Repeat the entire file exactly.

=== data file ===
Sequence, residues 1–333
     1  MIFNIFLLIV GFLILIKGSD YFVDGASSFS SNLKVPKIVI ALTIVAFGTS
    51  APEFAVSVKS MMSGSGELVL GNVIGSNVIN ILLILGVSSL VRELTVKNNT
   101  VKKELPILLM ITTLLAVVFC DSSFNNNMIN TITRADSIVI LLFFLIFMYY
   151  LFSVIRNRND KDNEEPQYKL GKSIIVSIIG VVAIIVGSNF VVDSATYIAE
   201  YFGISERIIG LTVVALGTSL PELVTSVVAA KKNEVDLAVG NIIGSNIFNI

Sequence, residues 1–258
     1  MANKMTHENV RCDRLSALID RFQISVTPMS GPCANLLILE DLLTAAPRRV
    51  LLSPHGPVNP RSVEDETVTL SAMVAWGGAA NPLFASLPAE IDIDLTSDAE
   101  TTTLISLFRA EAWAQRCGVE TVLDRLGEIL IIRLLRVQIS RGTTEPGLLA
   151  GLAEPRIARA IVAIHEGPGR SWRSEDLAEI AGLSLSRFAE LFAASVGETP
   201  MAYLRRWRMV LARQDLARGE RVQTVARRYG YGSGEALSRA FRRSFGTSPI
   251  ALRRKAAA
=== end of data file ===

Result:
Sequence, residues 1–333
     1  MIFNIFLLIV GFLILIKGSD YFVDGASSFS SNLKVPKIVI ALTIVAFGTS
    51  APEFAVSVKS MMSGSGELVL GNVIGSNVIN ILLILGVSSL VRELTVKNNT
   101  VKKELPILLM ITTLLAVVFC DSSFNNNMIN TITRADSIVI LLFFLIFMYY
   151  LFSVIRNRND KDNEEPQYKL GKSIIVSIIG VVAIIVGSNF VVDSATYIAE
   201  YFGISERIIG LTVVALGTSL PELVTSVVAA KKNEVDLAVG NIIGSNIFNI

Sequence, residues 1–258
     1  MANKMTHENV RCDRLSALID RFQISVTPMS GPCANLLILE DLLTAAPRRV
    51  LLSPHGPVNP RSVEDETVTL SAMVAWGGAA NPLFASLPAE IDIDLTSDAE
   101  TTTLISLFRA EAWAQRCGVE TVLDRLGEIL IIRLLRVQIS RGTTEPGLLA
   151  GLAEPRIARA IVAIHEGPGR SWRSEDLAEI AGLSLSRFAE LFAASVGETP
   201  MAYLRRWRMV LARQDLARGE RVQTVARRYG YGSGEALSRA FRRSFGTSPI
   251  ALRRKAAA